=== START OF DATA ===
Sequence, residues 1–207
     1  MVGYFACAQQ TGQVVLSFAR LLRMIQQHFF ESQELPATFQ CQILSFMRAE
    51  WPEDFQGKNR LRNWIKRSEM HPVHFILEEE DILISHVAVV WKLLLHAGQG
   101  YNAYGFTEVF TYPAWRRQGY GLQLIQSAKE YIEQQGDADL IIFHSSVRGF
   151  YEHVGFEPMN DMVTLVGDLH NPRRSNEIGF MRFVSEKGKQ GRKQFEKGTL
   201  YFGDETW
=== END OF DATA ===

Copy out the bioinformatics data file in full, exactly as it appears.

Sequence, residues 1–207
     1  MVGYFACAQQ TGQVVLSFAR LLRMIQQHFF ESQELPATFQ CQILSFMRAE
    51  WPEDFQGKNR LRNWIKRSEM HPVHFILEEE DILISHVAVV WKLLLHAGQG
   101  YNAYGFTEVF TYPAWRRQGY GLQLIQSAKE YIEQQGDADL IIFHSSVRGF
   151  YEHVGFEPMN DMVTLVGDLH NPRRSNEIGF MRFVSEKGKQ GRKQFEKGTL
   201  YFGDETW